As a result of the passage of the State Secrets Act, which came into effect in 2014, journalists and others charged with leaking relevant information now face jail sentences of up to five years. What exactly constitutes “state secrets” is left very much up to the discretion of the government agencies in question.

In recent years, Japan’s ranking in the World Press Freedom Index has plummeted, from 22nd place in 2013 to 67th in 2018. This is the lowest rank among the G-7. During the reporting period, however, no major new scandal in this area emerged.

Citations:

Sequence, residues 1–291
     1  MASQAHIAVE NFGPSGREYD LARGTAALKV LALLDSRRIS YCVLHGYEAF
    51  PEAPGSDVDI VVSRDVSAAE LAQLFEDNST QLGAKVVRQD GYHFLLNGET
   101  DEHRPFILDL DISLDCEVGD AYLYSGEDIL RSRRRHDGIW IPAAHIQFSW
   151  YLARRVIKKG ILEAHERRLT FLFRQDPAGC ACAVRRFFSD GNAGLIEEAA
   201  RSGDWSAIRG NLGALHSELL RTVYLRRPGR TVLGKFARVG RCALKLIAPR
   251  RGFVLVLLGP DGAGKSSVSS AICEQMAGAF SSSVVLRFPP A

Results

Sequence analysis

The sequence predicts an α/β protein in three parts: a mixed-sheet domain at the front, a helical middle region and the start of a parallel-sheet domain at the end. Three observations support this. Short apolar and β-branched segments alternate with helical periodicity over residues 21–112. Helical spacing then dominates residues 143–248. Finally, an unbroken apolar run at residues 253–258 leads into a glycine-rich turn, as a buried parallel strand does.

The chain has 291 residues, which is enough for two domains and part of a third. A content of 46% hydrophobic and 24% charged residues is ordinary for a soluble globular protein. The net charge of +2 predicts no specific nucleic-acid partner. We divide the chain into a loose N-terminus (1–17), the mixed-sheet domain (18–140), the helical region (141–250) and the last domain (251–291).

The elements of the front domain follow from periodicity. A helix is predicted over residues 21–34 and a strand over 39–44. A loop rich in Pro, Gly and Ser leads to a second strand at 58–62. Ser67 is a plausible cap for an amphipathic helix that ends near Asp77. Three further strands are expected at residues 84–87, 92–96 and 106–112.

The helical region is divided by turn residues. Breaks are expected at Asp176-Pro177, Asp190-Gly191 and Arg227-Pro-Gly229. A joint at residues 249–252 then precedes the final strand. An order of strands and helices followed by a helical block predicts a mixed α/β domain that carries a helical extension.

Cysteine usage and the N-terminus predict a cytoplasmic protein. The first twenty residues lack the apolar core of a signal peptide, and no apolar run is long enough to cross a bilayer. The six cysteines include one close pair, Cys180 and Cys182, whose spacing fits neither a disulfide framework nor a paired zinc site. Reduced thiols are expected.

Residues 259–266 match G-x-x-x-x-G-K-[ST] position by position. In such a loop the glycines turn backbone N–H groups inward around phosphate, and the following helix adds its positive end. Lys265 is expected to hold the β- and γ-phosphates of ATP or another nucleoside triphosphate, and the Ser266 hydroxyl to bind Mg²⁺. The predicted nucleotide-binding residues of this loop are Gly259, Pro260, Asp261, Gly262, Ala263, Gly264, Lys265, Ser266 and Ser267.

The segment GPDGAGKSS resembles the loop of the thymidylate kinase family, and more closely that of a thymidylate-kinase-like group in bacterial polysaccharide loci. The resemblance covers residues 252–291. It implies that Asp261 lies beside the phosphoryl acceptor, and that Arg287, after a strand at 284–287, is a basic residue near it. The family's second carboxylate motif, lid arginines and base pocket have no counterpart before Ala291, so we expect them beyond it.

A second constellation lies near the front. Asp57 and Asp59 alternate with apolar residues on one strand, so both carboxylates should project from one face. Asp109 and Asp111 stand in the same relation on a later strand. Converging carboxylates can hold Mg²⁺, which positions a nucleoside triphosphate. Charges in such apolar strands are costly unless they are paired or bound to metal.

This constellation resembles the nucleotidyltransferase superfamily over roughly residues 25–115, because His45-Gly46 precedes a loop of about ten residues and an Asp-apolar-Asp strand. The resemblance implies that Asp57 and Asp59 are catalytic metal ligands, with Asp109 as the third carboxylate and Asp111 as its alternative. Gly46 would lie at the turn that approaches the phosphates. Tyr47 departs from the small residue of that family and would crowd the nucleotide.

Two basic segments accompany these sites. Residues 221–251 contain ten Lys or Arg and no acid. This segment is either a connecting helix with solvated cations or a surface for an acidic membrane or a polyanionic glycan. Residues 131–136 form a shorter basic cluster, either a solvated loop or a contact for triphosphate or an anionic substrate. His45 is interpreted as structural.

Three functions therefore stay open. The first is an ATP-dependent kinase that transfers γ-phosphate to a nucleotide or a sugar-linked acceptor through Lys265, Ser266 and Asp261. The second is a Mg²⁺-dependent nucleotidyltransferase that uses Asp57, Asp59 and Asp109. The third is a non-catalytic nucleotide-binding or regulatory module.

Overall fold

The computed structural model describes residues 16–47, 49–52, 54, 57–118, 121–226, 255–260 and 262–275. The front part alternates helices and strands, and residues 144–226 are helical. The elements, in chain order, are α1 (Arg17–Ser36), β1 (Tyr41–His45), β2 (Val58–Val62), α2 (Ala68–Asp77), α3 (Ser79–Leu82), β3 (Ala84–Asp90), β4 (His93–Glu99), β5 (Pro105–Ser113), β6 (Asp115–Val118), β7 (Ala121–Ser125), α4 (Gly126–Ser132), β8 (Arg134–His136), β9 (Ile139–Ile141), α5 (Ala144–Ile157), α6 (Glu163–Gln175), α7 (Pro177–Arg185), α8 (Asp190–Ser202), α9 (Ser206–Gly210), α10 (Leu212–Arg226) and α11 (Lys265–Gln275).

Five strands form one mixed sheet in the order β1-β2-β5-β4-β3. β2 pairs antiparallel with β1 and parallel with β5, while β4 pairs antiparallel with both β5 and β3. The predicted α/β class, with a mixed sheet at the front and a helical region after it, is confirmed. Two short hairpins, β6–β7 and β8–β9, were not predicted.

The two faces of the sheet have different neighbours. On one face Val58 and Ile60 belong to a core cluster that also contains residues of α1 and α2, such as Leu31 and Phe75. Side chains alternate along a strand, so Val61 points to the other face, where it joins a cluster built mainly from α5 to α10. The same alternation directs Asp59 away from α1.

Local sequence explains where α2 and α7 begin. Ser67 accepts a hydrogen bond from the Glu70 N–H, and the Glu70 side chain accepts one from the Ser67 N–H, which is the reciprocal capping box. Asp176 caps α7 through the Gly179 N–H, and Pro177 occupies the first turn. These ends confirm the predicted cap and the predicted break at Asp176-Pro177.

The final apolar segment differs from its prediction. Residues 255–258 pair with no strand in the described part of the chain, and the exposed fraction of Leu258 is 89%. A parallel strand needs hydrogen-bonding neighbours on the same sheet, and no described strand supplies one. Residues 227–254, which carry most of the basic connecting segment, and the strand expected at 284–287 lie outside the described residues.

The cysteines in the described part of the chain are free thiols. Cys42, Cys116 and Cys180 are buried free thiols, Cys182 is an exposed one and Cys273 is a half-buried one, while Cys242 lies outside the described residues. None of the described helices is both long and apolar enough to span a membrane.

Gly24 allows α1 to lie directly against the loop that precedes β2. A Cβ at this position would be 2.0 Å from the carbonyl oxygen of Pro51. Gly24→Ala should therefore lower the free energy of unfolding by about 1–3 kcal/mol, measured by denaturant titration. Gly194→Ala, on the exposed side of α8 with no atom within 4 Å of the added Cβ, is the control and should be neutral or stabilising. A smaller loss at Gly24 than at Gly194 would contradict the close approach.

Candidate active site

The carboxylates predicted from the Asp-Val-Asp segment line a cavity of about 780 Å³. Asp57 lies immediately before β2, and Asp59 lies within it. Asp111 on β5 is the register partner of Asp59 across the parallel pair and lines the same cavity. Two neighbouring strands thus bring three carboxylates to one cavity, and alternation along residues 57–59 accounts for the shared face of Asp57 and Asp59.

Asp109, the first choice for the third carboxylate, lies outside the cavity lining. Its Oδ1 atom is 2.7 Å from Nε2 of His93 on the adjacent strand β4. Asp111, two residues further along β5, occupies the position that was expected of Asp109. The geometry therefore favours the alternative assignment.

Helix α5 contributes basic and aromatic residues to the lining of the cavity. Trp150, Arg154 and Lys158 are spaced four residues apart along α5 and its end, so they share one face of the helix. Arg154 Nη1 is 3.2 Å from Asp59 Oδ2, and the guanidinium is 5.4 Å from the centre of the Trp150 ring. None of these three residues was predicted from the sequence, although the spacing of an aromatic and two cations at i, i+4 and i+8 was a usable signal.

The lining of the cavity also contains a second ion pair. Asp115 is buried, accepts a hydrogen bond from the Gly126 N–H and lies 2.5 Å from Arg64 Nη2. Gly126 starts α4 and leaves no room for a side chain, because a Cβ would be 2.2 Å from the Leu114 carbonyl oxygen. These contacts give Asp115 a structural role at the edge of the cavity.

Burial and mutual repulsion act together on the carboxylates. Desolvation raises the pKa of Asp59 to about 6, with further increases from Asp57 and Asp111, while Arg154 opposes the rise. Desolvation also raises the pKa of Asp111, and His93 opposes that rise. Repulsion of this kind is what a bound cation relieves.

Chisato Tanaka, Japan’s press freedom ranking risis in 2018 - due in part to deteriorating conditions elsewhere, The Japan Times, 25 April 2018, https://www.japantimes.co.jp/news/2018/04/25/national/japans-press-freedom-ranking-rises-2018-due-part-deteriorating-conditions-elsewhere/

Daisuke Nakai, The Japanese Media in flux: Watchdog or Fake News?, Forum Report 013, Suntory Foundation, April 2018, download from https://www.suntory.com/sfnd/jgc/forum/013/index.html

To what extent are the media characterized by an ownership structure that ensures a pluralism of opinions?

10
 9

Diversified ownership structures characterize both the electronic and print media market, providing a well-balanced pluralism of opinions. Effective anti-monopoly policies and impartial, open public media guarantee a pluralism of opinions.
 8
 7
 6


Diversified ownership structures prevail in the electronic and print media market. Public media compensate for deficiencies or biases in private media reporting by representing a wider range of opinions.